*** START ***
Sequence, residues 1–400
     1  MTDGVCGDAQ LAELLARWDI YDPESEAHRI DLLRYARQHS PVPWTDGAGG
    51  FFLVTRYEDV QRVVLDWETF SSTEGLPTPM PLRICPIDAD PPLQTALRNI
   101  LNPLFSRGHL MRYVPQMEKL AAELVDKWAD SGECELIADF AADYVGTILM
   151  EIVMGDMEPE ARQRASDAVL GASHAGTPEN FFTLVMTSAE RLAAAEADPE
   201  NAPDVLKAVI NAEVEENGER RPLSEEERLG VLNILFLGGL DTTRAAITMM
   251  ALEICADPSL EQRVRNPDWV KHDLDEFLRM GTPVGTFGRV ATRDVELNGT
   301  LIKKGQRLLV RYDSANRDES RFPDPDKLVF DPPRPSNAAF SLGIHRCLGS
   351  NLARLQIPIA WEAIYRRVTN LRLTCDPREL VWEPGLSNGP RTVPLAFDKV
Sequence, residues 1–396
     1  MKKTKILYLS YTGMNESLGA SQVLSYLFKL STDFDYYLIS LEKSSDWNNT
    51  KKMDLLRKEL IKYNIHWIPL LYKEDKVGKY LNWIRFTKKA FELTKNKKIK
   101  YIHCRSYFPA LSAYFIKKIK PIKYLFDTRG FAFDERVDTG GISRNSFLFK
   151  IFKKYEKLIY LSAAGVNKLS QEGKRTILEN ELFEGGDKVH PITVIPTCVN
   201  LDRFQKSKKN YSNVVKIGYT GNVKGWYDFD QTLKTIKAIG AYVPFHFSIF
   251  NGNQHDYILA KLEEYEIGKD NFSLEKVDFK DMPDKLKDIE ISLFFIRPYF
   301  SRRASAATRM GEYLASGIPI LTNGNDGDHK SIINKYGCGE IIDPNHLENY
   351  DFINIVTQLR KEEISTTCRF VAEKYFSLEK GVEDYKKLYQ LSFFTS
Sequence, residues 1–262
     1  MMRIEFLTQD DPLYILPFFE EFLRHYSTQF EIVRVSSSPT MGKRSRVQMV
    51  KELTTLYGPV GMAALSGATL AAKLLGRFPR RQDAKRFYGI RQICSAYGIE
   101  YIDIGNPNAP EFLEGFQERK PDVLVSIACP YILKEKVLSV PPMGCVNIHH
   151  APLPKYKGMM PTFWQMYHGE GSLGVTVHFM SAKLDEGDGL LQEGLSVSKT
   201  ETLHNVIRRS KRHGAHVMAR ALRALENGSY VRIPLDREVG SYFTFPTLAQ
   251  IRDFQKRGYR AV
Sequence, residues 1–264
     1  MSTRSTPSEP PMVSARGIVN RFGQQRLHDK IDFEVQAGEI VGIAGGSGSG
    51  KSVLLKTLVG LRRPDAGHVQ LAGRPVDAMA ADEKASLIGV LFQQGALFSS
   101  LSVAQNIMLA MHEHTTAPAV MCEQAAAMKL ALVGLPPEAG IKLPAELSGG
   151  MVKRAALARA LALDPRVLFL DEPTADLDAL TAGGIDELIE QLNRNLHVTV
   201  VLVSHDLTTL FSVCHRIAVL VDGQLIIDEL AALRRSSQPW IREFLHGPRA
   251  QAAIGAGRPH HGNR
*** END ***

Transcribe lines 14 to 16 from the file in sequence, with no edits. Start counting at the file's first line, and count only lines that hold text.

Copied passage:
   151  IFKKYEKLIY LSAAGVNKLS QEGKRTILEN ELFEGGDKVH PITVIPTCVN
   201  LDRFQKSKKN YSNVVKIGYT GNVKGWYDFD QTLKTIKAIG AYVPFHFSIF
   251  NGNQHDYILA KLEEYEIGKD NFSLEKVDFK DMPDKLKDIE ISLFFIRPYF